Thursday, October 4, 2018

The Wisdom of Listening

Author Marilyn R. Wilson acknowledges several individuals for the production of this book, including her family, publisher, editor, mentor, and friends. The following foreword by Sue Dumais affirms that the world would be better if more people listened, and the introduction afterward by Wilson asserts that this story was a passion project. She opens the main chapters by saying that most think their personal stories aren’t interesting, that she studied psychology in college, was a stay-at-home mother, and feels diversity provides strength. The second chapter discusses the Japanese principle of wabi-sabi, essentially beauty in imperfection.

On the subject of foreign terminology, she also dedicates a chapter to ujamaa, the Swahili term for familyhood, and asserts that everyone needs to find their own clan. Wilson notes that her children were subject to bullying in school, and that people need to shine light on their own insecurities to better themselves. She mentions her one-time lack of self-confidence, and suggests that people select their daily attire based on how they feel. In a chapter to which this reviewer can easily relate, she says that quirks can be talents, and are to be embraced.

One minor off-putting facet of the book is the author’s brief mention of the 2016 American election, although in the same chapter she rightly says the current generation is clued to social media. She further gives the maxim that her readers should build their own tribes and that no one succeeds whilst trapped in a bubble. Occasionally she highlights interviews with figures such as the artist Pamela Masik and a fashion designer named RozeMerie Cuevas.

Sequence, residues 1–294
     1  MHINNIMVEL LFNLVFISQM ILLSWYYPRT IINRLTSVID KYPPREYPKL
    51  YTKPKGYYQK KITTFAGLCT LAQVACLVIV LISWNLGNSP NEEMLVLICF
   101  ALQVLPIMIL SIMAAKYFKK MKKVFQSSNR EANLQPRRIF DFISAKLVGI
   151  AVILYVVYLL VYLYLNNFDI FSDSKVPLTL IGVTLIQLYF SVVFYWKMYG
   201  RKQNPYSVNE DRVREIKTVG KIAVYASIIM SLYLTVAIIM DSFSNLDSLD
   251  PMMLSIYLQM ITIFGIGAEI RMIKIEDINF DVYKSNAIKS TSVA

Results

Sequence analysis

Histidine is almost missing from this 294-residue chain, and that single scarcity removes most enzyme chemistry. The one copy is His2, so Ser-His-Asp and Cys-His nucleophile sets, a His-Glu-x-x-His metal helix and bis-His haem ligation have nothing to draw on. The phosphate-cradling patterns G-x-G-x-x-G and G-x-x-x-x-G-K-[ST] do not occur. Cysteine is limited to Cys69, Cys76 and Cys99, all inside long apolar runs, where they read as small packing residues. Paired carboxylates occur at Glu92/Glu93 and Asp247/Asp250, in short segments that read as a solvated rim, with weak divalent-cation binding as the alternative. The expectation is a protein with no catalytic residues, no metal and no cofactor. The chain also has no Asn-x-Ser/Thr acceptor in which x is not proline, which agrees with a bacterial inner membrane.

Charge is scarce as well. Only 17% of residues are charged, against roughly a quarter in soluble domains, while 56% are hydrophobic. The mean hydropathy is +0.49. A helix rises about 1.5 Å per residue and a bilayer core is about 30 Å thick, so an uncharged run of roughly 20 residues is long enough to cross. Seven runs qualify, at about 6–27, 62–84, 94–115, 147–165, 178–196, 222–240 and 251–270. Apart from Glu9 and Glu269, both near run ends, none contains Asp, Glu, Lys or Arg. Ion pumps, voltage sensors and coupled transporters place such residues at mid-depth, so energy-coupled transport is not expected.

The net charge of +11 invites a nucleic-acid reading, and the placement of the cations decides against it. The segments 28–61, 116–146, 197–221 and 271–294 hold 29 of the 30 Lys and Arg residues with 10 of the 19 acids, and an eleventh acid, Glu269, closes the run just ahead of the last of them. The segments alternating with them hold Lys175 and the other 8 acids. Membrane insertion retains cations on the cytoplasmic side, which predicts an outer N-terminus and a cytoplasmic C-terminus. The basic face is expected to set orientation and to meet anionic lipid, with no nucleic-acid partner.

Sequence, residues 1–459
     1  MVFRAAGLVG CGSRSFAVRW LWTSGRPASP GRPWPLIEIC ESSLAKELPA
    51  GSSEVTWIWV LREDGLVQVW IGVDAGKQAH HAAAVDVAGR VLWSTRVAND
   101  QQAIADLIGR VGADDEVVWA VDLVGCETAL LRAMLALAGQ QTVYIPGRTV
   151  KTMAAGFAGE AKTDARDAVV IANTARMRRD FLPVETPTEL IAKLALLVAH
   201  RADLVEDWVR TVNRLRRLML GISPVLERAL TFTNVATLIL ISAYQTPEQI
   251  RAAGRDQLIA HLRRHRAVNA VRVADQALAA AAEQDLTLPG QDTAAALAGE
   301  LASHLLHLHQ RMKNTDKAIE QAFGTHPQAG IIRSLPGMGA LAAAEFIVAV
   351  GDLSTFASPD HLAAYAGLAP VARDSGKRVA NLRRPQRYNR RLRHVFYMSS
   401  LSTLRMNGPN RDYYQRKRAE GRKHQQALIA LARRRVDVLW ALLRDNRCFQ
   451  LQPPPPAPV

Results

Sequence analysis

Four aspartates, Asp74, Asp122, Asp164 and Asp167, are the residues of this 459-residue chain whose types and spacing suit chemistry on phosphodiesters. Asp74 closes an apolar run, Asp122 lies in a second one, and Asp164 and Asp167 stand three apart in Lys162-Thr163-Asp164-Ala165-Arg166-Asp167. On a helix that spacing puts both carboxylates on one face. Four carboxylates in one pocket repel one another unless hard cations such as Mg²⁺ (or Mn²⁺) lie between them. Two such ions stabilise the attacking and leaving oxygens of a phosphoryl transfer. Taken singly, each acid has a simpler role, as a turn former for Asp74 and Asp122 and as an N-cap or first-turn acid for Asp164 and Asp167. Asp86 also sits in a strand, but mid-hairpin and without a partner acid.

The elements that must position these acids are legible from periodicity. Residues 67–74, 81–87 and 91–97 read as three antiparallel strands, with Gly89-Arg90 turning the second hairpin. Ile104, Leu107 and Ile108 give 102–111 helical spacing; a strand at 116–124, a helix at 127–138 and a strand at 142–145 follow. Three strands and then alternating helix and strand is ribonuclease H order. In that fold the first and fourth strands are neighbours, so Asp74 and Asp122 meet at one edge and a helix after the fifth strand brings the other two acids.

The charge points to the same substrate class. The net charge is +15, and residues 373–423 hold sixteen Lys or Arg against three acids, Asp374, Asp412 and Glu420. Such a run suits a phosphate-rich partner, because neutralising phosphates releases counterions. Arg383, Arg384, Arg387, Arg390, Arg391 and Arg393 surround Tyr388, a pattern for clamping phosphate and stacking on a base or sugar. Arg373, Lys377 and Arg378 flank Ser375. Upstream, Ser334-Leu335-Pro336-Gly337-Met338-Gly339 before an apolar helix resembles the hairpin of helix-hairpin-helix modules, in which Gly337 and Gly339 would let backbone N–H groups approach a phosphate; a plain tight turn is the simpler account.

Wilson occasionally reflects on her naivete, mentioning that a media source gave her a job opportunity despite her lack of experience and published material. She further reflects as the daughter of a minister that a life of service is the only kind worth living, and that she cares about the people who reach out to her. The author also mentions her bout with attention deficit disorder, although she reaffirms one’s need to embrace his or her quirks. She gives other stories of people whom she interviewed such as Canadian tap icon William Orlowski, who kept a positive attitude despite having Parkinson’s disease.

The writer gives rare glimpses into her tenure as a mother, mentioning that her daughter expressed interest in being a dancer at the age of two, not to mention the adverse physical effects of pointe ballet shoes. Wilson further highlights her search of fashion artists through want ads, and mentions listening to a talk by Sue Dumais in Vancouver, British Columbia, Canada. The author asserts the need to allow empty moments in one’s daily schedule, and affirms that one should live while being completely present and focused.

Wilson mentions that covering fashion was out of her comfort zone, a meeting with mental health speaker Victoria Maxwell, and her noticing a rising push towards entrepreneurship. She also asks readers if they love their passions enough to make it their full-time occupation, and explains the odd symbol with which she ends her chapters after quotes from famous or obscure individuals, “Olio by Marilyn,” with olio being generally synonymous with miscellany.

The author discusses her fledgling experience as an author that she terms “paperback pregnancy,” and mulled over which interviews to include in her book. The latter portion of her book gives further experience in writing, watching James Cameron’s acclaimed Avatar and various animated feature films in 3D, one of her concluding points being that diversity is humanity’s greatest strength. She asserts that writing the book was a journey, but easier than composing her first publication.